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Suns' Mooneyham wins fourth straight
Lefty Nationals prospect allows just one hit over 7 1/3 innings
08/07/2013 12:34 AM ET
Brett Mooneyham has given up one run over his last 22 1/3 innings.
Brett Mooneyham has given up one run over his last 22 1/3 innings. (Hagerstown Suns)

Brett Mooneyham never quite felt comfortable throwing from the stretch Tuesday.

A simple solution seemed to work -- keep batters off the bases, and thus, keep throwing from the windup.

Mooneyham threw 7 1/3 innings of one-hit ball, striking out seven and walking four in Class A Hagerstown's 3-0 win over Lakewood on Tuesday. At two hours and two minutes, the shutout marked the Suns' shortest game of the season, thanks in no small part, to how the 24-year-old lefty coasted through the middle innings.

"I felt like I was in the windup for a long time," he admitted even though he realized he'd given up just one hit. "It's hard. You try to just go pitch to pitch, which is what's been successful lately."

The stellar outing makes four consecutive wins for Mooneyham, and he's allowed one run over 22 1/3 innings, a stretch that goes back three starts. The 2012 third-rounder has given up just 45 hits in 80 South Atlantic League innings this year, and he's 8-3 with a 2.25 ERA. After giving up five runs over five innings at Hickory on July 17, Mooneyham altered his delivery.

"I just feel like I've been able to clean up the kinks a little bit in my mechanics. I'm more in line with the plate, more gathered early for balance, as far as keeping myself over the rubber. I'm in control more. I'm not going off toward the first-base side," he said. "That's allowed me to get my fastball inside better when I need to, and it's better for my offspeed stuff too and my breaking ball late in the count."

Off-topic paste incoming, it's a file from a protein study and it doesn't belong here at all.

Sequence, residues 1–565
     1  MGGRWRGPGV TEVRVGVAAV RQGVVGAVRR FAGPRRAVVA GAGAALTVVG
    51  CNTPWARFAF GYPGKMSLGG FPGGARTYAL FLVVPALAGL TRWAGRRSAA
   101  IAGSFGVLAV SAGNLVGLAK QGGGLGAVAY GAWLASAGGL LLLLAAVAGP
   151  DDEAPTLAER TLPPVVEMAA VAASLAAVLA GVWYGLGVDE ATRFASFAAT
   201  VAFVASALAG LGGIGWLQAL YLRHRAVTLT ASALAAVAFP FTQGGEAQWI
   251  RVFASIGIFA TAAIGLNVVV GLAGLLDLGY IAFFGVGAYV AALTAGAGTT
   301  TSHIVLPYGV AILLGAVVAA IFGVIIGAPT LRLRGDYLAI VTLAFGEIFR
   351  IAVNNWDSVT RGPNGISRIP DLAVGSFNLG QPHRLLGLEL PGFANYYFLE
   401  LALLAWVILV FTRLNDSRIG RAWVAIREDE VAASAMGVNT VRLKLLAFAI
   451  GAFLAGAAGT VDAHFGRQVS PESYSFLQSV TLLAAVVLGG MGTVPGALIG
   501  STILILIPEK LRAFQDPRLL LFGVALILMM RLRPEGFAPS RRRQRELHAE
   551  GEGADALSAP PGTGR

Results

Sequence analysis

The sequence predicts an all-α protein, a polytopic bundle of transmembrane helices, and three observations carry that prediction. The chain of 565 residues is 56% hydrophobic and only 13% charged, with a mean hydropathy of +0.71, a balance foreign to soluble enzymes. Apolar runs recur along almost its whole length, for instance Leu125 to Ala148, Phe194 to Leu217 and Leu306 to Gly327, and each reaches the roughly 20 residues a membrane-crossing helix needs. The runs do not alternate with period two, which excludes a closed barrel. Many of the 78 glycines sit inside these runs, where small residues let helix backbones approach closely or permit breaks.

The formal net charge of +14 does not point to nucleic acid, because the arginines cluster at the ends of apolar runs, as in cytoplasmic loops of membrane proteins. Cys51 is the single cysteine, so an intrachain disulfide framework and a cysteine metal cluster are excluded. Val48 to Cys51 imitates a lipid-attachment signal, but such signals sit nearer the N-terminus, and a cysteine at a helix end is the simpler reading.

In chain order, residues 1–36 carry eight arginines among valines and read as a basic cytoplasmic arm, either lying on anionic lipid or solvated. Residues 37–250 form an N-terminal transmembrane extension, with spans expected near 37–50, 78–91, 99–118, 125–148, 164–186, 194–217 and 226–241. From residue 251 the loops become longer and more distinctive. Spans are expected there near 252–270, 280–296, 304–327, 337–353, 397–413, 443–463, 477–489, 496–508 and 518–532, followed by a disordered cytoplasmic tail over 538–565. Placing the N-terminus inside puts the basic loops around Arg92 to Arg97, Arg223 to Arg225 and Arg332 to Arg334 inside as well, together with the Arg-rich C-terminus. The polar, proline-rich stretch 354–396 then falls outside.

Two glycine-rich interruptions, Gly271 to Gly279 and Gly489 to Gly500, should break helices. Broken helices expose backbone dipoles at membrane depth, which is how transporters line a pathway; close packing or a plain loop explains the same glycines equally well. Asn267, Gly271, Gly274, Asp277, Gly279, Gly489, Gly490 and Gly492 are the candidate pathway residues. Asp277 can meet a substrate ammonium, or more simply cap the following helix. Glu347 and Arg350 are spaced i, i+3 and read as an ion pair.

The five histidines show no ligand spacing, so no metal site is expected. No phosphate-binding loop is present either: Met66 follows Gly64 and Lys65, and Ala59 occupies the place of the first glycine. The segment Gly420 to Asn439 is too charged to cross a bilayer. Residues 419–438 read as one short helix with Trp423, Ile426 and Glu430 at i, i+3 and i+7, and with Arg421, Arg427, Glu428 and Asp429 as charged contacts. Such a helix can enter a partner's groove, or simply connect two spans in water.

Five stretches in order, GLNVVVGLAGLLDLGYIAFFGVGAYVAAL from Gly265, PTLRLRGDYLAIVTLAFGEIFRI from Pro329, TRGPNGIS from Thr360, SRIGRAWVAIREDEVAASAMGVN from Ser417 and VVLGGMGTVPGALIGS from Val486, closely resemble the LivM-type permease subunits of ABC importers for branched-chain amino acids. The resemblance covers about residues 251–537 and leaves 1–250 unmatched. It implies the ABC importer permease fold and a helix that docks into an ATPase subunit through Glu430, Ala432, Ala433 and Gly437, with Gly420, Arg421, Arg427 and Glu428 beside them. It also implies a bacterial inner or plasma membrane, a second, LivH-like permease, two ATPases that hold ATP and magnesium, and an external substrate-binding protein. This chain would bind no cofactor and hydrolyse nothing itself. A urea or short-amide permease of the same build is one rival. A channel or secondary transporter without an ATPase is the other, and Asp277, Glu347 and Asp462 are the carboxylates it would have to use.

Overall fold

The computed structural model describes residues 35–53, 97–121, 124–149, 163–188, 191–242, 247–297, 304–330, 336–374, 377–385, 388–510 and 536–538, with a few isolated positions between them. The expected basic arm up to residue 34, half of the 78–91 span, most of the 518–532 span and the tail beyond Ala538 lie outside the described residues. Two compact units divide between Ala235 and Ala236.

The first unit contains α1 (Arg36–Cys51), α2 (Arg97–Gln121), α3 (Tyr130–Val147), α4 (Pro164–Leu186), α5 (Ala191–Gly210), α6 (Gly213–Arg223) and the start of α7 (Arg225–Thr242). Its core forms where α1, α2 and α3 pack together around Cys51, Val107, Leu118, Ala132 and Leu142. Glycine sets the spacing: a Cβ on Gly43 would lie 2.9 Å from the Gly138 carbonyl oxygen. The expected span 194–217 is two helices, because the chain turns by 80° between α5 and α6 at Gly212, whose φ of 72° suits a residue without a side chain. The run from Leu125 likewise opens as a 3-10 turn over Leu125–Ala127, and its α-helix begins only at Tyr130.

On Tuesday, the only hit he gave up came with two outs in the first inning when 11th-ranked Phillies prospect Larry Greene singled for the BlueClaws.

"I felt like the hit came on a good pitch," Mooneyham said. "It was low and inside, and I think he was out in front of it a little bit. But he got the barrel on it and blooped it out into left field."

The Stanford product then walked the next hitter, Willie Carmona.

"The walk was the first hitter out of the stretch. The whole game, out of the stretch, I wasn't as sharp," said Mooneyham. "He sees the ball a little better out of the left side of the plate, which is where he's going to be when he's facing me obviously. I was missing up. I just couldn't get ahead of him. He's a free swinger, Carmona, and I thought if I could get one or two strikes on him, I'd be able to get him to chase something."

Mooneyham worked a 1-2-3 second. After allowing another walk in the third, he retired 13 in a row. Still, by the eighth inning, he was slightly fatigued.

"In the later innings, I felt less comfortable. I was up in pitches. I wanted to stay aggressive enough to make them keep swinging," he said.

It worked against the first Lakewood hitter of the inning.

"I didn't have as much life on my fastball. I still got a broken bat, though," he said. "There was still good movement on my two-seamer -- I got [Mitch] Walding to hit that one back to me softly in the air."

He walked the next hitter. Brian Pointer.

"My mechanics were slightly sloppier," he said. "I was a little off balance, and I was trying to catch up with my arm."

Pitching from the stretch again, he gave up another walk to Angelo Mora end his outing.

"I have to keep with the pitch-to-pitch approach. It's a cliche, but it really helps. You try to win each pitch and if you don't, you get the next one. And if you do, you get the next one too," he said. "During the days I'm not pitching, when I'm throwing I try to stay with the mechanics that are working. When it comes down to it, physically, that's the most important part. I feel like I've been able to do that the last four starts."

Pedro Severino, Mooneyham's catcher and the Nationals' No. 15 prospect, tripled and knocked in two runs for Hagerstown.

Josh Jackson is a contributor to MiLB.com. This story was not subject to the approval of the National Association of Professional Baseball Leagues or its clubs.
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